English has a peculiar brand of autism where they specifically import the simplest plural form of a foreign loanword and then use awareness of that frankly tiny irregularity as a status marker. They don't import other inflections: fungus becomes fungi, but never fungum, fungos, or fungorum, and even then you end up with cases like octopus and its two competing different possible plural forms, one anglicized, the other latinized, but both of them are wrong. The true Ancient Greek plural is pronounced more like "oktohpohdess." Very silly, if you ask me.
The correct inflection for Japanese nouns, which completely lack plurality, is nothing at all: a zero. That's the educated non-conjugation for Jap loans. This, however, does not stop the rest of English grammar from applying to these nouns, leading to the egregious example of "anime as fuck." Zero derivated into an adjective, can you believe that shit? Here you can see mecha being used as both:>Usually in a mecha series the mecha are the apex of military weapons.
I know what you're thinking, Japanese says ロボットアニメ no problem, but that's a compound. Adverbs can't modify it. In English, however, one finds the following sentences:>then you have the potential to like this game, it's VERY mecha.>The smaller Tau suits are very mecha.>Drills, mining lasers, all these are very mecha.
Clearly adjectival, and perfectly grammatical.
I'd bet the plural is proportionally much more popular for words that are either less common or not so ingrained as lacking the inflection. For example, there are 585k mentions of "mecha" on desu, but only 36k "mechas," less than 10%. On the other hand, there are 370k "shota" vs 63k "shotas," at a drastically higher rate. On top of this, a very interesting quirk is that the conjugation "are" strongly favours using an anglicized plural. Whether it's loli, shota, or imouto, when searching "X are" and "Xs are" the latter is several times more popular than the former. This does not hold for mecha though, in that case "mecha are" is still the more popular of the two. Interesting, wouldn't you say?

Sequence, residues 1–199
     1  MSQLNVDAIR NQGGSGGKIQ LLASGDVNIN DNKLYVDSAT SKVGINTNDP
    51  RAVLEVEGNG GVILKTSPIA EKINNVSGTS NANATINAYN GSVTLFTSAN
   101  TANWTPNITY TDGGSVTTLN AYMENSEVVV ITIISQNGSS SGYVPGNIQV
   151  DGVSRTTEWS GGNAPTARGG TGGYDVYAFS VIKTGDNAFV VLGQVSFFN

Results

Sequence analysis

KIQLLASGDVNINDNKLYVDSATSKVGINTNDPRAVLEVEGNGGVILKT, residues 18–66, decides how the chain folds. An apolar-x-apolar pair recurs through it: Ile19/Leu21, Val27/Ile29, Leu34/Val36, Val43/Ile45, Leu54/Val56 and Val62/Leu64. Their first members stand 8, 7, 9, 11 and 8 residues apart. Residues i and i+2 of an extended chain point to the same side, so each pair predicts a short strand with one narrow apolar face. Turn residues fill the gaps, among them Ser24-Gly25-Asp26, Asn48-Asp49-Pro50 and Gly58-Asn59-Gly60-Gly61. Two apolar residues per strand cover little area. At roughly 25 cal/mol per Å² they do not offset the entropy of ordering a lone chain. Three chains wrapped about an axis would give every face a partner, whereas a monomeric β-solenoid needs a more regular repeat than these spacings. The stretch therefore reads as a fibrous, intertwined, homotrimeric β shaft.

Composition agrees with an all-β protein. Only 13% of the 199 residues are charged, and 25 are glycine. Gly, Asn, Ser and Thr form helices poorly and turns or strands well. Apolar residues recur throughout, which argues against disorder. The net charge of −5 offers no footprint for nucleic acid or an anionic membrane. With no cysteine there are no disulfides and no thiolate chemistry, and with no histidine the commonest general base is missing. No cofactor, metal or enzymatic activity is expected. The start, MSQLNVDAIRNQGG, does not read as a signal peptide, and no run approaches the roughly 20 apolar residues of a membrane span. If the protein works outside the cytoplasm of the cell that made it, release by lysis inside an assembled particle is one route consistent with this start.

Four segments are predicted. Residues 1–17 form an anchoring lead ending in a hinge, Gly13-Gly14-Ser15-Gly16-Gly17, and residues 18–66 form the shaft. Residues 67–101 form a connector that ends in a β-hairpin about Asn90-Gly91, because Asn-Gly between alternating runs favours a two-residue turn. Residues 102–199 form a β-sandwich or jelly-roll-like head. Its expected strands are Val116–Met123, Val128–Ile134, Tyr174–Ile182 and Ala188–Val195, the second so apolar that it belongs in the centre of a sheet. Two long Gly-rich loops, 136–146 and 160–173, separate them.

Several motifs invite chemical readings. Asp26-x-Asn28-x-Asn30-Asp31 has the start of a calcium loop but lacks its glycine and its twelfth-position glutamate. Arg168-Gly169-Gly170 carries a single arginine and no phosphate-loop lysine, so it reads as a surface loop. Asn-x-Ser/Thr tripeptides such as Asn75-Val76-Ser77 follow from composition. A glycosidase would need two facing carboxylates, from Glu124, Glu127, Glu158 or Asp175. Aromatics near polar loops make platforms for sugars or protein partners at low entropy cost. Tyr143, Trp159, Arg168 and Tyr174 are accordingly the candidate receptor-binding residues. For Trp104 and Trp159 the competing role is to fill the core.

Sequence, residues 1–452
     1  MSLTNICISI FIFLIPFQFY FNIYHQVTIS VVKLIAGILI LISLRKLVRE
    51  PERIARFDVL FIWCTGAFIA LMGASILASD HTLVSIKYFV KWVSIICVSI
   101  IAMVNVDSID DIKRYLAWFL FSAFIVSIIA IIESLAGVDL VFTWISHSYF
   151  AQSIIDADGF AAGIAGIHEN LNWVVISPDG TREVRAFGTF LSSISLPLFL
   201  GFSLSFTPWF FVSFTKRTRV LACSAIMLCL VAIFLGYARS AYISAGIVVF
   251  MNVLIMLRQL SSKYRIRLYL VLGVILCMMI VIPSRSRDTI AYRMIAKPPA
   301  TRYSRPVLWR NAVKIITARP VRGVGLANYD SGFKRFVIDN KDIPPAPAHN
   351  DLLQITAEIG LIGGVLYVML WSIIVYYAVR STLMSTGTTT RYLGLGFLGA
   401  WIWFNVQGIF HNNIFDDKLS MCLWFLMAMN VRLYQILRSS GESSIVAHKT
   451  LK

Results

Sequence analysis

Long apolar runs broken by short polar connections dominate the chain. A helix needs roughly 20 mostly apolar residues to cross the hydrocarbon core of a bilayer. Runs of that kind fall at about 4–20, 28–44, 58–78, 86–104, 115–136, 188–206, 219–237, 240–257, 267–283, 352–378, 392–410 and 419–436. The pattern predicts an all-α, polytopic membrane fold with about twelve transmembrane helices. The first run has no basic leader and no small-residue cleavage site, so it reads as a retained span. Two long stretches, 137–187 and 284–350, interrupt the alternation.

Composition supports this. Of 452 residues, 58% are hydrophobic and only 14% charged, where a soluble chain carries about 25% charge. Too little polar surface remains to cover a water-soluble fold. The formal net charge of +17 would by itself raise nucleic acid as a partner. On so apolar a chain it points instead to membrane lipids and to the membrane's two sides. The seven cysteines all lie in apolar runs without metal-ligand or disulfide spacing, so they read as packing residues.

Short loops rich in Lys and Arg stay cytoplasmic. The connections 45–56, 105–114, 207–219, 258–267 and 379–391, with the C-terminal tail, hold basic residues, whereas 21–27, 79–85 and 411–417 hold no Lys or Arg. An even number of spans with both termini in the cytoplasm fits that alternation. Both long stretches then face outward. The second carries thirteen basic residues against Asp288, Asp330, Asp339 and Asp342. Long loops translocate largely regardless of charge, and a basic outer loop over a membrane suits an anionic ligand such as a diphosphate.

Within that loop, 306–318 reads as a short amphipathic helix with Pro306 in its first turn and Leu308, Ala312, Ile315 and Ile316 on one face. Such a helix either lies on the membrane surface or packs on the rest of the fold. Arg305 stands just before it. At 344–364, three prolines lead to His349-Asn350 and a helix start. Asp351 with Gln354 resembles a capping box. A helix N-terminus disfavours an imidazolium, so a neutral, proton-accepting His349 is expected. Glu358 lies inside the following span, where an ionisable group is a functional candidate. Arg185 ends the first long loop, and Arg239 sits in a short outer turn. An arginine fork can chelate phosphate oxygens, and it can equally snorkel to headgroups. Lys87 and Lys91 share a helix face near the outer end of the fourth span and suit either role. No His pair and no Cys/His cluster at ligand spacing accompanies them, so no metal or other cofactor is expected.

And again, this is with the unaffixed form still covering cases like "Gyaru and shota are a perfect pairing," or "Cp and lolicon/shota are inextricably linked at the hip" where it refers to it as a genre like lolicon, being uncountable. Oh yeah, they can be uncountable too, which is a completely different thing.
Anyways, I came across a couple of neat irregularities showcasing the inconsistency:>You know in the past man it really was loli&shotas are just CUTEEEEE>Shota are made for oneesans.>>60994
I think individual pronounciations of loli vary due to orthography and don't necessarily match up with lolly, but even then the fact that >>60995
doesn't exist shows the two words are well differentiated. If they weren't, it'd be a two-way street.
....It's 4AM and I've got work to do..... This is what happens when I don't take my sleeping pills....